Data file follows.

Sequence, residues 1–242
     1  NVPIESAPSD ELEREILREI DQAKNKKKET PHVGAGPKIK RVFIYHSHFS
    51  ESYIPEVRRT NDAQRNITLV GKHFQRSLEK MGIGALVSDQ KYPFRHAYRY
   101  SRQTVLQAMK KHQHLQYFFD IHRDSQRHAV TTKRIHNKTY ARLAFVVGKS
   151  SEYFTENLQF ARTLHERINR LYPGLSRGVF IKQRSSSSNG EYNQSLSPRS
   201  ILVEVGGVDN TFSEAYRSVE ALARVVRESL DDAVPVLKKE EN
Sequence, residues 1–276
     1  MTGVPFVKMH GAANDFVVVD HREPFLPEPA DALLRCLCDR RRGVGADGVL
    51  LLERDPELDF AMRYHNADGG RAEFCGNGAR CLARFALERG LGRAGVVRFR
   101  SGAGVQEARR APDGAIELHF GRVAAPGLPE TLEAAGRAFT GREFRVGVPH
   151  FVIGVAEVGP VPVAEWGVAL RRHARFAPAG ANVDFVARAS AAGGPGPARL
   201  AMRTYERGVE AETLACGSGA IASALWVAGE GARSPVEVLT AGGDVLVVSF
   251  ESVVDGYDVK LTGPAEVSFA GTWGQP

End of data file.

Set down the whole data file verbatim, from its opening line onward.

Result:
Sequence, residues 1–242
     1  NVPIESAPSD ELEREILREI DQAKNKKKET PHVGAGPKIK RVFIYHSHFS
    51  ESYIPEVRRT NDAQRNITLV GKHFQRSLEK MGIGALVSDQ KYPFRHAYRY
   101  SRQTVLQAMK KHQHLQYFFD IHRDSQRHAV TTKRIHNKTY ARLAFVVGKS
   151  SEYFTENLQF ARTLHERINR LYPGLSRGVF IKQRSSSSNG EYNQSLSPRS
   201  ILVEVGGVDN TFSEAYRSVE ALARVVRESL DDAVPVLKKE EN
Sequence, residues 1–276
     1  MTGVPFVKMH GAANDFVVVD HREPFLPEPA DALLRCLCDR RRGVGADGVL
    51  LLERDPELDF AMRYHNADGG RAEFCGNGAR CLARFALERG LGRAGVVRFR
   101  SGAGVQEARR APDGAIELHF GRVAAPGLPE TLEAAGRAFT GREFRVGVPH
   151  FVIGVAEVGP VPVAEWGVAL RRHARFAPAG ANVDFVARAS AAGGPGPARL
   201  AMRTYERGVE AETLACGSGA IASALWVAGE GARSPVEVLT AGGDVLVVSF
   251  ESVVDGYDVK LTGPAEVSFA GTWGQP